Wiens: Because of the lengthy period of training, doctors begin their first “real” jobs 8–10 years after many of their friends from college. And, depending on specialty, burnout may cause a physician to retire a few years earlier than the average American. Both these factors lead to a compressed retirement saving timeline.
TCPR: How much money should we be saving for retirement?
Wiens: First, determine what sort of lifestyle you’d like in retirement. Then quantify your living expenses, based on your retirement activities and lifestyle goals. Generally, physicians aim to replace 40%–60% of their pre-retirement income once in retirement. For example, if you earned $250,000 per year before taxes in your clinical practice, you may want to build enough in Social Security, retirement accounts, passive income, etc, to provide $100,000–$150,000 of after-tax income in the future. In my experience, once the goals are set and quantified, the average physician needs to save 20%–30% of gross annual income for retirement, beginning at completion of residency or fellowship and continuing until the physician’s late 50s or early 60s.
TCPR: Let’s address growing what we save. What’s the difference among the savings vehicles: IRAs, SEP IRAs, Roth IRAs, 401(k)s, etc?
Wiens: All of the items you mentioned are different types of retirement accounts. To help differentiate among them, I often think about the way they are taxed. First, let’s categorize the different types of accounts:
• Tax-deferred: often referred to as “tax-sheltered,” these are the retirement accounts we traditionally think of, including 401(k), 403(b), SEP IRA, traditional IRA, pension plan, and 457(b)
• Taxable savings: savings accounts, brokerage accounts, and other “trading” accounts
• Tax-advantaged: Roth IRA, Roth 401(k), Roth 403(b), 529 plans when used for qualified college expenses.
Also, see the diagram below.
TCPR: How do the tax-deferred accounts save money?
Wiens: Let’s assume that you have $18,000 that you’d like to put toward retirement and you’re in the 33% tax bracket.
• If you contributed the $18,000 to a 401(k), which is tax-deferred, you wouldn’t pay income taxes on the $18,000 (saving you $5,940).
• Then let’s assume your investment returned a 5% dividend ($900 in income). If you held this in a taxable account, you’d have to pay dividend tax on it. But since it’s in the 401(k), you won’t pay any taxes until you take the money out in retirement, when you may be in a lower tax bracket than you are today. If the $900 was taxed as ordinary dividends, the 401(k) would save you an additional $297 in income tax today. Since you don’t pay tax on that income, you have more principal to grow next year—this compounds growth faster than in a taxable investment account.
TCPR: How much can you contribute to a 401(k)?
Wiens: An employee can contribute $18,000 per year, plus a $6,000 catch-up amount for those 50 and older. But in addition to that, companies can match your 401(k) contribution. The amount of the match varies and is determined by the employer. The neat thing about running your own practice is that you are your own employer and you can set your own match. Many of my self-employed physician clients are able to contribute a total of $54,000 (the 2017 IRS limit) between the employee and employer, plus an additional $6,000 catch-up for those 50 and older.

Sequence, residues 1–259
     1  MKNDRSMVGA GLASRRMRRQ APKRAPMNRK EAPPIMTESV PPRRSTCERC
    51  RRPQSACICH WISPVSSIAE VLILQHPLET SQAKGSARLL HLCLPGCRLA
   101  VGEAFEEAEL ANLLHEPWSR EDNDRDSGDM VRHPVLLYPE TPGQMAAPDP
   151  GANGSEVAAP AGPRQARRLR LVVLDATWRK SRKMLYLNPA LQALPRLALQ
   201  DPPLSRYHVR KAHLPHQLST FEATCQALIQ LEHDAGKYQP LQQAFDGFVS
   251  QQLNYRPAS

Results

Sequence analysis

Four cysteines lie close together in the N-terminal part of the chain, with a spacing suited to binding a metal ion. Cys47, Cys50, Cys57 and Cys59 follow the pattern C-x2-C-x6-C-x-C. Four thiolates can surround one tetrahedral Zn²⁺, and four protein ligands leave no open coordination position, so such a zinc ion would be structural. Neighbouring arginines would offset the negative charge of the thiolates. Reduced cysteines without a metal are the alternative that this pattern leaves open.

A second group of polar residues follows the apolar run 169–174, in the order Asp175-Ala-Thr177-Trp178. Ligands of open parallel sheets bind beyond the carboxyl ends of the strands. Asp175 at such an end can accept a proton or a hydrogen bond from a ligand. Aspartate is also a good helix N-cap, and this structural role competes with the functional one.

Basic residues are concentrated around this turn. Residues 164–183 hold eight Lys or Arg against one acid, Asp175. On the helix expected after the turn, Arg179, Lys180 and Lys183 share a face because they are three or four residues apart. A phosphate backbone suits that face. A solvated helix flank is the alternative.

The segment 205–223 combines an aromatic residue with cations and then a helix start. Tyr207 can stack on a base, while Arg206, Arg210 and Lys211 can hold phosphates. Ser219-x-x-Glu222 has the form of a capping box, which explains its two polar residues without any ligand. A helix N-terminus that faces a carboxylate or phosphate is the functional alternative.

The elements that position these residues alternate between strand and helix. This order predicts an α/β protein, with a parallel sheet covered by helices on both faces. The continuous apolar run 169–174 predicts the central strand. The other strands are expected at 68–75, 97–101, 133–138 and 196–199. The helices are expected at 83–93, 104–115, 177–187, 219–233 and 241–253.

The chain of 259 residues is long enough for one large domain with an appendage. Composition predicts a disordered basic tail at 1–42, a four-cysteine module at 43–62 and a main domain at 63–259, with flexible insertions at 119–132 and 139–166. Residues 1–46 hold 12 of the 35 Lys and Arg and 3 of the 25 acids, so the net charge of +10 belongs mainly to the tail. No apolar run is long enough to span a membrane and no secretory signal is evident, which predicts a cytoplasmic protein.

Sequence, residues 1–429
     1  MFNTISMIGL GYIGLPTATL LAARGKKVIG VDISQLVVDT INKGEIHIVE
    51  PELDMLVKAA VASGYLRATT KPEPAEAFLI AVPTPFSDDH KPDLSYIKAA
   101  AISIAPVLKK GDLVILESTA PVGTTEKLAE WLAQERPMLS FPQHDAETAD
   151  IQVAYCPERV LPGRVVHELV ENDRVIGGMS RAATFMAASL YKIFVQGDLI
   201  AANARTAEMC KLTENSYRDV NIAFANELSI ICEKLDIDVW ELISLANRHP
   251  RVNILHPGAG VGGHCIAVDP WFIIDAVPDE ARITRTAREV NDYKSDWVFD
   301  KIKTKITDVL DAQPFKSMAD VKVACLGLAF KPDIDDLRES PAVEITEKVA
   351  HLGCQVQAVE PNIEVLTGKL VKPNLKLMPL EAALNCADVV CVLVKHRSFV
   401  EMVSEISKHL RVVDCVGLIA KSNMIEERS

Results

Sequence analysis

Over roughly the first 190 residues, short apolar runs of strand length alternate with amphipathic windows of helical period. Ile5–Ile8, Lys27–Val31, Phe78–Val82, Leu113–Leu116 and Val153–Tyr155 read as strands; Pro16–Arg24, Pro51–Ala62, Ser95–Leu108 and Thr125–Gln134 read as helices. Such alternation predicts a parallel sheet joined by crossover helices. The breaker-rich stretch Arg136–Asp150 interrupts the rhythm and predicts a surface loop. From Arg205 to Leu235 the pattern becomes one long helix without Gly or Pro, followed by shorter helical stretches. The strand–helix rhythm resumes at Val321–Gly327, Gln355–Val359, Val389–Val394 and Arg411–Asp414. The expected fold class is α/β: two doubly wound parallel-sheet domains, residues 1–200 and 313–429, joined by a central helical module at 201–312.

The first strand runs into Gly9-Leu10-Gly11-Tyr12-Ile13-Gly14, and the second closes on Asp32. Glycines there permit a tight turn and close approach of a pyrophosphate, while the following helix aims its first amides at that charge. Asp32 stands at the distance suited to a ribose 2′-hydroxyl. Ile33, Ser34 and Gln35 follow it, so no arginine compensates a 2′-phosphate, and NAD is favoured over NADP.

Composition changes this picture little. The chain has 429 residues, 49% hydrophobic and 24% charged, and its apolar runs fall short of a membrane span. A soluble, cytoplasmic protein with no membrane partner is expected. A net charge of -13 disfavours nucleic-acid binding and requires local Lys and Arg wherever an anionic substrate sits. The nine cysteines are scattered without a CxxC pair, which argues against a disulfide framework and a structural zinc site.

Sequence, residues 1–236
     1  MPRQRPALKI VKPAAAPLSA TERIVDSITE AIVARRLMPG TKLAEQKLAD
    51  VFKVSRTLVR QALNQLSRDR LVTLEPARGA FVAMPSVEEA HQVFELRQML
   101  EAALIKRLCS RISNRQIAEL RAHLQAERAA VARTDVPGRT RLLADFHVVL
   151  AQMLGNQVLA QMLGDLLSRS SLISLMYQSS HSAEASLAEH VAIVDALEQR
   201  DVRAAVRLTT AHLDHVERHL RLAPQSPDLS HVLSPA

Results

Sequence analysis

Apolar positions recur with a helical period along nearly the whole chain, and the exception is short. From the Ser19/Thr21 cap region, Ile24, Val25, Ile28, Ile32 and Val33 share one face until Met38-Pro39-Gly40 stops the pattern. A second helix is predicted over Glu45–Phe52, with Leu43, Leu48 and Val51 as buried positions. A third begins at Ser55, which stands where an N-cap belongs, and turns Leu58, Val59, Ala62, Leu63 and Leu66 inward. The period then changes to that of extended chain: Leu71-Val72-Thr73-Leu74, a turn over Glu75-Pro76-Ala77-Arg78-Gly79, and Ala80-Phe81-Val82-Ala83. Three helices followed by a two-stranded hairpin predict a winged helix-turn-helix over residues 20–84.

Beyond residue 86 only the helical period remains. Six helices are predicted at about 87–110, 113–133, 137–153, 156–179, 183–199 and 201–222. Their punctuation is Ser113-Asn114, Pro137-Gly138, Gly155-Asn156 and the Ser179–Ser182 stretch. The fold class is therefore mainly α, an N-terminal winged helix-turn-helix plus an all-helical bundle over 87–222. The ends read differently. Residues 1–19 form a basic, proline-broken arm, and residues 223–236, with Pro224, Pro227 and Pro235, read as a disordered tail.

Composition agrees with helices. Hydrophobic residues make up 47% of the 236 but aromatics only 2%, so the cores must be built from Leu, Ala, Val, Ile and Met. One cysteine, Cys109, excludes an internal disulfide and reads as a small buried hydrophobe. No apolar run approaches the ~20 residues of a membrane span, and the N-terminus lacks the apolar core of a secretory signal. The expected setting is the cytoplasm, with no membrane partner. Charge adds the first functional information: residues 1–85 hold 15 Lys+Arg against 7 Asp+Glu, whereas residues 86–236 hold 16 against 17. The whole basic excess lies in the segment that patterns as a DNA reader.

TCPR: What are the advantages of a 401(k) over a SEP IRA?
Wiens: I see three advantages for self-employed doctors to use a 401(k) over a SEP IRA:
• Depending on income and what legal/tax entity the practice is (eg, LLC, sole proprietorship, S corporation, etc), a doctor may be able to contribute more to a 401(k) than a SEP IRA. For example, a 52-year-old self-employed psychiatrist with no employees netting $200,000 a year can put about $38,000 into a SEP IRA. Using a 401(k), that same doctor could contribute $60,000. You can run your own numbers using Vanguard’s online contribution calculator (https://personal.vanguard.com/us/SbsCalculatorController).
• Secondly, you can borrow from a 401(k) should you ever need a low-interest loan. The interest you pay on the loan goes back into your own 401(k). Please note a 401(k) loan should typically only be used for short-term needs, and I recommend paying these loans back promptly.
• Lastly, a 401(k) enables you to use a tool we call the “backdoor Roth IRA” that can’t be used with a SEP IRA.
TCPR: What’s a “backdoor Roth IRA?” I thought most doctors made too much to use a Roth IRA.
Wiens: That’s right—in 2017, if a married physician files taxes jointly and has an income of more than $196,000, that physician can’t contribute to a Roth IRA directly. That’s unfortunate, because Roth IRAs can be powerful tools—the contributions are funded after-tax, but when you withdraw funds in retirement, you pay no taxes on the distributions. The strategy for high-income individuals to fund a Roth IRA is often referred to as the “backdoor Roth IRA” (see https://www.bogleheads.org/wiki/Backdoor_Roth_IRA).
Here are the steps:
1. An individual contributes to a non-deductible IRA, as there are no income limitations on these contributions.
2. The individual then converts the non-deductible IRA into a Roth IRA. Voila, Roth IRA funded through a backdoor. There are some things that could cause hiccups (an existing balance in a pre-tax IRA or SEP IRA, for example), so I recommend that physicians seek the advice of a qualified accountant to ensure they are implementing the strategy appropriately. However, if used properly, the tax savings can be significant.